Assisting Father Oonnoonny is Deacon Robert Lyons. Lisa Quist is the coordinator of religious education, which has more than 200 youngsters enrolled in the first through eighth grades. Rosa Sanmartin coordinates the parish’s Spanish ministry, and Louis Pasato coordinates the Spanish spiritual ministries.

The parish has 12 different ministry groups in the Spanish and English communities, encompassing spiritual endeavors through evangelization outreach, Adoration and Benediction before the Blessed Sacrament, charismatic prayer, and myriad devotions, street processions and celebrations that honor the Blessed Mother in different patronages.

“Those newly immigrated people work hard for 10 to 12 hours a day, and then they come to the church in the evening for prayer—for two hours plus, they spend in prayer” during the weekdays in the chapel at St. Christopher’s, the pastor said. “Every day the church is fully occupied until 9:30, 10 o’clock at night.”

Many who regularly attend Mass at the St. Christopher site are mindful that their parents and grandparents came from St. Patrick’s, Father Oonnoonny said. St. Patrick’s parish school, which was also attended by youngsters from St. Christopher’s, opened in 1890 and closed in 1991.

Father Felix Vilanis, who had been a professor of literature and canon law at St. John’s College, which was later renamed Fordham, became the first pastor in 1842. That spring, property was set aside by a John Henry for the use of Catholics in the town of Cortlandt, on the condition that a church be built on the site within a year. Construction began that year, likely using brick and labor that were local and donated. Work was completed in the fall of 1843, although Father Vilanis had become ill and died without seeing the church’s completion.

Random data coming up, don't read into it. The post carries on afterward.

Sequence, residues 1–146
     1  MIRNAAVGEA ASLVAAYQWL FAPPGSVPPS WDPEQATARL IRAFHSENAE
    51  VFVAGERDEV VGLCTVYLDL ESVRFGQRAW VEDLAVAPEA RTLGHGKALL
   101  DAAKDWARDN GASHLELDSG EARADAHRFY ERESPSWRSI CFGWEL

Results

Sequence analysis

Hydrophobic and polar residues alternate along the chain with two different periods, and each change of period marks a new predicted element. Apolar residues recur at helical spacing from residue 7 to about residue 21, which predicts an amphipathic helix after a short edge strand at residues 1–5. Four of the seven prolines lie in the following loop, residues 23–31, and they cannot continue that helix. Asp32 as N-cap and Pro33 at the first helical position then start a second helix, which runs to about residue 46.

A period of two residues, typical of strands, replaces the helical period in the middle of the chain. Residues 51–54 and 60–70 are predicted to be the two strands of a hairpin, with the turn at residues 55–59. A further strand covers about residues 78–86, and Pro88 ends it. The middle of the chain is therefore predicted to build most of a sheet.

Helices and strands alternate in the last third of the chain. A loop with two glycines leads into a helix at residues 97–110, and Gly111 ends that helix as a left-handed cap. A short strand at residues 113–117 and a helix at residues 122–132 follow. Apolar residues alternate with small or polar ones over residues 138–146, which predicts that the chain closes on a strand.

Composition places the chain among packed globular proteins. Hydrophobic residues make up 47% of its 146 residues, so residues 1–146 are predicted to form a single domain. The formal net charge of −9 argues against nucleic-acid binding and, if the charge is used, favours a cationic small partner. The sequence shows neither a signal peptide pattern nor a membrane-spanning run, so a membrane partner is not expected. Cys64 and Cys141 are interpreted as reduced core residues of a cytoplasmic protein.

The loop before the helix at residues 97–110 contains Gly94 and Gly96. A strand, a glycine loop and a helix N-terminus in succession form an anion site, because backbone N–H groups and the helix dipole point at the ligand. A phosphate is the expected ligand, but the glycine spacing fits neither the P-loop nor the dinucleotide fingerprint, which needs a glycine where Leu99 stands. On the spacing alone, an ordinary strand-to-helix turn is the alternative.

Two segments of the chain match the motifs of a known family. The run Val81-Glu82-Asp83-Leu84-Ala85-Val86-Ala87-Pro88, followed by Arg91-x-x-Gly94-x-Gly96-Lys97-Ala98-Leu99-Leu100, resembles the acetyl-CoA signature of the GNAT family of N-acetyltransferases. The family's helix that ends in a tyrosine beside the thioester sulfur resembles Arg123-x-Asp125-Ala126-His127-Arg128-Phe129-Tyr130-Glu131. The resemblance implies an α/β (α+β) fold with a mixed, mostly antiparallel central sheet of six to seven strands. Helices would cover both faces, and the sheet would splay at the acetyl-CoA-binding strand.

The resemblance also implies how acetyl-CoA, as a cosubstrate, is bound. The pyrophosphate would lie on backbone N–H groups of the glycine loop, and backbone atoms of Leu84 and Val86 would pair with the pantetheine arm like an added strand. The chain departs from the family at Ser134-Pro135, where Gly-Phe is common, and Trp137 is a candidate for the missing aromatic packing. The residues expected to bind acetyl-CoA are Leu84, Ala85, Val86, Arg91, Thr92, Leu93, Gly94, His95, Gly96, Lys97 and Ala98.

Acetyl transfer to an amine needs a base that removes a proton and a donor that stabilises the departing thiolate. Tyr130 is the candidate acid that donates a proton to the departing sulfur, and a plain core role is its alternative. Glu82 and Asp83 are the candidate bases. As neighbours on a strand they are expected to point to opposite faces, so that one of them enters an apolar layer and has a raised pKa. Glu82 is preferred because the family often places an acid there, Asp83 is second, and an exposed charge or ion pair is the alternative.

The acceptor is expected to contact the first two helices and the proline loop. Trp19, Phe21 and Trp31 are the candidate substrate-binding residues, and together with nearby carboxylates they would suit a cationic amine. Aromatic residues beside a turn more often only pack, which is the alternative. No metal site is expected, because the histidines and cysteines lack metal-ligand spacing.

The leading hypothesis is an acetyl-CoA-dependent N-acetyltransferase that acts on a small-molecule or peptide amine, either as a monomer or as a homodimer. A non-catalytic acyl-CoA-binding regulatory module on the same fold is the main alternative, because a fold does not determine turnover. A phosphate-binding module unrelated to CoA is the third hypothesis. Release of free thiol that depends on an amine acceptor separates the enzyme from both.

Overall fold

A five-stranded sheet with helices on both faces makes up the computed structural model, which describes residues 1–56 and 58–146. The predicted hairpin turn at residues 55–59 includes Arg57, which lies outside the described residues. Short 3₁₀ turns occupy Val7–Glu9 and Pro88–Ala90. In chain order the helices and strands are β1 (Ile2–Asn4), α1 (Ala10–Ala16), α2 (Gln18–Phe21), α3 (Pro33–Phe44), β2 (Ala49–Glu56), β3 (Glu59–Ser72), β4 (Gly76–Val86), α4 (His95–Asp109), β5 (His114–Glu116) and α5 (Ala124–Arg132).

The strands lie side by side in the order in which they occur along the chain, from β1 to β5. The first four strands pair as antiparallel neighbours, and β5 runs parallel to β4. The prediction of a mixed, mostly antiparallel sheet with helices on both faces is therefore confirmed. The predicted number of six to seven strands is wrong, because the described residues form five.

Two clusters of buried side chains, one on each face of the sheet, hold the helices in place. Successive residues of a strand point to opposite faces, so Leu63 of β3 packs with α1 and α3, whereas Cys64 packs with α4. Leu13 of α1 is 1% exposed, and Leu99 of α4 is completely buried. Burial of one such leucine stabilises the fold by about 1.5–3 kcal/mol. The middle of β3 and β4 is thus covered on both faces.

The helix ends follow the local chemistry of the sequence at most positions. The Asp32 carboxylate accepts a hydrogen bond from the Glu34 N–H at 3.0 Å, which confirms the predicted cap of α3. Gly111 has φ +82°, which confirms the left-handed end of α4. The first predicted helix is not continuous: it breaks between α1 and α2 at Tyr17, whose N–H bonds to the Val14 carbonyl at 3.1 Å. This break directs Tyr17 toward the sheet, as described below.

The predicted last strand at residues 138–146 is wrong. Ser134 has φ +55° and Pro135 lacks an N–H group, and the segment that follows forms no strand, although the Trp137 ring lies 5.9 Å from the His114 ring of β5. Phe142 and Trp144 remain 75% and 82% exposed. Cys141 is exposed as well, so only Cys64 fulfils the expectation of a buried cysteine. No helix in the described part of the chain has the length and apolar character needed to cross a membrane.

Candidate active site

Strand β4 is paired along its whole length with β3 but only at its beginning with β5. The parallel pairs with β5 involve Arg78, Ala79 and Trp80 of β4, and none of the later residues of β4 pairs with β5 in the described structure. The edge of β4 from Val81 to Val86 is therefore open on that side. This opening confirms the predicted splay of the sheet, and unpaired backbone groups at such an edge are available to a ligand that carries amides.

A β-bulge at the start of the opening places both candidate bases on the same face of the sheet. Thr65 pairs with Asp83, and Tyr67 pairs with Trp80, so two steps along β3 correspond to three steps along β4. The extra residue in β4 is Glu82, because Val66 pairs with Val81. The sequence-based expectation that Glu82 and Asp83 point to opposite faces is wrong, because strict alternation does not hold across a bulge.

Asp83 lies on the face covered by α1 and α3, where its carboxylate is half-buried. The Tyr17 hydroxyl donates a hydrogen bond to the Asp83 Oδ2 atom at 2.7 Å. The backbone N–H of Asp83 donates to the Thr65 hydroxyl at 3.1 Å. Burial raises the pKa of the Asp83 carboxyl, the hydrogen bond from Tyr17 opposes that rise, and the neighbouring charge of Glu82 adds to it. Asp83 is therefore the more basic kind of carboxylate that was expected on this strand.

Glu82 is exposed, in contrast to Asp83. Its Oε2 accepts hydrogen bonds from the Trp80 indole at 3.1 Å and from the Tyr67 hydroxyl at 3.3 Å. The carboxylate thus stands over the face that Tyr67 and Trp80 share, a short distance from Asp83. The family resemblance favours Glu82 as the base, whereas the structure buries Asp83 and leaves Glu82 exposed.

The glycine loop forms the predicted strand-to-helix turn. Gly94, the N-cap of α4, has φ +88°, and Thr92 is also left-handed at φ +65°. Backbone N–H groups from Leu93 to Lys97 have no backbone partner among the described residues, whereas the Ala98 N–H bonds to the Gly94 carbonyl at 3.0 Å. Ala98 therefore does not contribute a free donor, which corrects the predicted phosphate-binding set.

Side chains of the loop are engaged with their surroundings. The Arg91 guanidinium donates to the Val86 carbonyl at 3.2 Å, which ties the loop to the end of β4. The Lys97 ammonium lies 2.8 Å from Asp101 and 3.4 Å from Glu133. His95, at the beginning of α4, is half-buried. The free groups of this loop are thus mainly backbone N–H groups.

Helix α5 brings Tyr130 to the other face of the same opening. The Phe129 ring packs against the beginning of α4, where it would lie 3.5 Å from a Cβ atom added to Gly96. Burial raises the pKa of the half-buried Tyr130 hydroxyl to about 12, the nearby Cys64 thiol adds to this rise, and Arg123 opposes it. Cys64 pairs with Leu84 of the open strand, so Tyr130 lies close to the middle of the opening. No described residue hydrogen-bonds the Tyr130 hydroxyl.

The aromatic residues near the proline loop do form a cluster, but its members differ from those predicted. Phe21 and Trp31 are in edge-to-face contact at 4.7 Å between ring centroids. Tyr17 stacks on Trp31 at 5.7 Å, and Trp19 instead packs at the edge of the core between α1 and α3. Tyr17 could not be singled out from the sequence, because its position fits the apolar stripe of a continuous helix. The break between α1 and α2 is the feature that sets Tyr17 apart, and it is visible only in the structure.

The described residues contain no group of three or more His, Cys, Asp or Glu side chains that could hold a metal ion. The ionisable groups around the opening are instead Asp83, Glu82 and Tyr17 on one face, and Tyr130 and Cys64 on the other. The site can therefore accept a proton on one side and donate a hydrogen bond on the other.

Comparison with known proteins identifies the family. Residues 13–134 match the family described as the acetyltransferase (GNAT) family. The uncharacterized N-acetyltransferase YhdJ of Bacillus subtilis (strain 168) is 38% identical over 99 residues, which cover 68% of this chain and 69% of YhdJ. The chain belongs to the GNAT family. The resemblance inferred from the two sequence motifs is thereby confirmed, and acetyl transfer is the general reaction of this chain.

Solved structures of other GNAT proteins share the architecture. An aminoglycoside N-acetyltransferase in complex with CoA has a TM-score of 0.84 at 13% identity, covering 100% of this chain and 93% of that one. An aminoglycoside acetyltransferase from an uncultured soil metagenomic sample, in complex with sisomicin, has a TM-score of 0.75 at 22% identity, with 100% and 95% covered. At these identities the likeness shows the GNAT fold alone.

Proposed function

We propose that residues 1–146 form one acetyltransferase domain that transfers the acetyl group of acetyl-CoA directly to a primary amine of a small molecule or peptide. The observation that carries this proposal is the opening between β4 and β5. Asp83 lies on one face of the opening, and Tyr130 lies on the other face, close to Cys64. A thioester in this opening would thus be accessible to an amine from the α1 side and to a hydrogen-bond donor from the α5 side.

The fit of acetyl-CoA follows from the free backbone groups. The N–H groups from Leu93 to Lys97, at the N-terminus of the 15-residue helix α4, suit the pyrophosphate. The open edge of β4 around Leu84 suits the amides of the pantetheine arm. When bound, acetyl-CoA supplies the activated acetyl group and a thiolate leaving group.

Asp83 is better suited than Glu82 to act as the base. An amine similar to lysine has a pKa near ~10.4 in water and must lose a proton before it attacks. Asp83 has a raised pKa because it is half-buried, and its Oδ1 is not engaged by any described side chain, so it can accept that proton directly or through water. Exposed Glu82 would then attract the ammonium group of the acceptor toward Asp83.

The site commanded a view of the Hudson River that was important in the lives of parishioners. The present church stands on the same river view site.

The parish history colorfully chronicles St. Patrick’s centennial celebration on Oct. 24, 1943. The village was decorated in red, white and blue banners, and the festivities culminated in a parade from the school to the church, followed by Mass celebrated by Cardinal Francis Spellman.

St. Patrick’s Church burned in February 1980. In the interim, daily Mass was offered at the rectory and weekend Masses at the Verplanck firehouse.

Although it was a sad time in the life of St. Patrick’s, it proved to be a period of cohesion as the parish family rebuilt the church together.

Father Oonnoonny underscored throughout the anniversary year that “the founding members of the parish certainly made a big sacrifice so that their children and the children’s children had a place of worship, and they continued that faith. Certainly the current generation has the same responsibility to sacrifice their effort and energy for the future generation. Many people are doing that and I am really happy to see that sacrifice is being done for the continuation of our parish life.”

In conjunction with the 175th anniversary of St. Patrick’s, Father Oonnoonny led a pilgrimage of 18 parishioners to the Holy Land in October.

“It was very important for the people,” he said. “They wanted to uplift this place with some spiritual element when we were talking about the celebrations. They came forward with the idea. It was a very successful one.”